The answers to all of your Pennsylvania Workers' Compensation questions.
Tuesday, December 7, 2010
What are the most important things an injured worker should know about Pennsylvania Workers' Compensation rights?
Below are some initial questions many clients have when they first contact Carroll & Carroll, P.C. The questions below may address many initial concerns you may have. If you don't find the answers here, you should contact us for answers to questions specific to your case. The consultation is free.
Q: What are the most important things an injured individual should know about workers' compensation rights?
Always report a work injury even if you might not lose time from work or need immediate medical care. It is critical that you require your employer to complete an accident report. Remember to keep an independent record of the date, time, and nature of your work injury. In addition, make a list of witnesses as well as the person to whom the injury is reported. Be sure to provide a complete and accurate account of the type of injury you sustained and how your injury occurred as well as your past medical history.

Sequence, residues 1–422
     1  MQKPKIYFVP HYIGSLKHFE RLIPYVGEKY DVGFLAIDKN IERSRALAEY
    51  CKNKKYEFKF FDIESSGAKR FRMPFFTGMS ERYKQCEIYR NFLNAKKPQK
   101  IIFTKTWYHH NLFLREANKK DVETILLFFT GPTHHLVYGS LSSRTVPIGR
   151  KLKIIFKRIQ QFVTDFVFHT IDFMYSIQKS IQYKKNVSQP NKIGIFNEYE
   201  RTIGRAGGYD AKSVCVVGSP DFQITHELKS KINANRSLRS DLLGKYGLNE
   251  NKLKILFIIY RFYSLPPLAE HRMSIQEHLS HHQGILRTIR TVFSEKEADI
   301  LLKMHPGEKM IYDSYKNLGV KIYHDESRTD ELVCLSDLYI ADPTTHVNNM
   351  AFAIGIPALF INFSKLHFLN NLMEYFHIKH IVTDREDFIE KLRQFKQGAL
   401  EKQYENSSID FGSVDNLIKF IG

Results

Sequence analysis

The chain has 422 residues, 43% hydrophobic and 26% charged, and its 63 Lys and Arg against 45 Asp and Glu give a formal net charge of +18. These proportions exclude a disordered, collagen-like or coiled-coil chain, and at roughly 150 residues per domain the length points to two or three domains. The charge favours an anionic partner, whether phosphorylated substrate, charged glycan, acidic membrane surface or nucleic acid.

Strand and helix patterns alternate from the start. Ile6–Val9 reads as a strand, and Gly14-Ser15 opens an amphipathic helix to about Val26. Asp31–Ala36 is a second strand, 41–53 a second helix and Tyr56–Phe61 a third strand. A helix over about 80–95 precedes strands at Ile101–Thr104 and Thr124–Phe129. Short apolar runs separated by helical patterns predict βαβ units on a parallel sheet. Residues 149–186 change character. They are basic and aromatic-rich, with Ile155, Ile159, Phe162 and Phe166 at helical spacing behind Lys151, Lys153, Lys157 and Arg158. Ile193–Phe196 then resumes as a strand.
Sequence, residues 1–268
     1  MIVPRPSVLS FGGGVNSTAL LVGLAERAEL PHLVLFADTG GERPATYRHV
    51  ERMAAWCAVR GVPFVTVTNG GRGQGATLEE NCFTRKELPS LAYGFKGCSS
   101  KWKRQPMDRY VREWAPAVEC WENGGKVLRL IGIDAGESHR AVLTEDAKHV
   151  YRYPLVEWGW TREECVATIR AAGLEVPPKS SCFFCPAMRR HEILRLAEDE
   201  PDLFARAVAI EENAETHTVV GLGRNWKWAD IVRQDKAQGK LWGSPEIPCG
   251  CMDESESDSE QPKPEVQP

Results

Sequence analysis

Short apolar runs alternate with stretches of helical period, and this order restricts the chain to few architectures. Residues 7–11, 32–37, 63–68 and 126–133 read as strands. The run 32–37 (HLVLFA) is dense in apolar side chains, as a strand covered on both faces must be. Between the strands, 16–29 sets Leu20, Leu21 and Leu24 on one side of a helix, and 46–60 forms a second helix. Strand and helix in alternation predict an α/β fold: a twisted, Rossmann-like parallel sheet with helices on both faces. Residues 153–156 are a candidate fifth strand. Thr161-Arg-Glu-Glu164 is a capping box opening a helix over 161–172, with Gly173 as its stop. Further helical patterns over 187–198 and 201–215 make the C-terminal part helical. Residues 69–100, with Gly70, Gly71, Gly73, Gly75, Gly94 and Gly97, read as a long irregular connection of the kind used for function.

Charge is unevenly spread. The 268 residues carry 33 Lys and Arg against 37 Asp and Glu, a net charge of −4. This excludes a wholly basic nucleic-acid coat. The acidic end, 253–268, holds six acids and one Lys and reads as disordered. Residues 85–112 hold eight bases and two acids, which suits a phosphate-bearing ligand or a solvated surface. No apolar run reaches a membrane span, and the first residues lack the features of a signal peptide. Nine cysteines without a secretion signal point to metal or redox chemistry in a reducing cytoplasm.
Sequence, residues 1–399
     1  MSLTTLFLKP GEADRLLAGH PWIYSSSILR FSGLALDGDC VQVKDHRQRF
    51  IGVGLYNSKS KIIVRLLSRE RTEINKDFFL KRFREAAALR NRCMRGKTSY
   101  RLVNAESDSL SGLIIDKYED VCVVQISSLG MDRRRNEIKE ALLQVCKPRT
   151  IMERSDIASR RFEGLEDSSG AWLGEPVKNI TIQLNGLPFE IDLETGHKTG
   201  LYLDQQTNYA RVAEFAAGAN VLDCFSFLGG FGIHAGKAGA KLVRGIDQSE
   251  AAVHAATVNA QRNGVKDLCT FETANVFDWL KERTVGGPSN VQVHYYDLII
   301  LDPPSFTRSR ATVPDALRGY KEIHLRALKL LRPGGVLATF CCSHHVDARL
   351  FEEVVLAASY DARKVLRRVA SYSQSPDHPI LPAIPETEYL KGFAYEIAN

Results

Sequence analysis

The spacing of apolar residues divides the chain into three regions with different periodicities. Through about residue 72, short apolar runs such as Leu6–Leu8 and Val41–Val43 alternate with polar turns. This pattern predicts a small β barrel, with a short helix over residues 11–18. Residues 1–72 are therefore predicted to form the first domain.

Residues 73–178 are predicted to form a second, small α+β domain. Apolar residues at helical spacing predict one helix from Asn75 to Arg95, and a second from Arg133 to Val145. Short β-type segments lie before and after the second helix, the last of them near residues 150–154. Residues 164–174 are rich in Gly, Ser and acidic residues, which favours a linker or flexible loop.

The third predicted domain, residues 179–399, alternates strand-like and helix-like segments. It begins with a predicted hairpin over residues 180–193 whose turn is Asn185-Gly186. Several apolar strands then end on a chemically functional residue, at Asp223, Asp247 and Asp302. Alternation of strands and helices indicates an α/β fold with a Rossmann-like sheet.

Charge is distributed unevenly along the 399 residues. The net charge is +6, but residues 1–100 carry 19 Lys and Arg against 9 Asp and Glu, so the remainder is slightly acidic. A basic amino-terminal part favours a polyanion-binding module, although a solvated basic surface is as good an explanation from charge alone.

If your employer fails to accept your claim within 21 days of the date you notify them, seek legal assistance and file a petition for compensation. Should your employer accept your injury, be certain that the wages upon which your compensation is based are accurate. In most cases your compensation should be 66 2/3% of your gross wages from all sources of employment.
If, after receiving compensation, your employer or the insurance company asks you to see another physician, seek legal advice immediately as this is your employer's first step in their attempt to either terminate your compensation or modify your benefits. It is possible that your employer may offer you modified work based on medical proof that you are able to perform that work. This can cause you to lose your benefits by failing to accept the newly defined work.
You might be contacted by a vocational rehabilitation firm attempting to find you a new job. Your compensation can be effected if you fail to cooperate with the vocational firm.
Should you receive a petition in the mail to terminate, suspend or modify your compensation, seek legal advice. NEVER sign a supplement agreement or final receipt without having it reviewed by an attorney.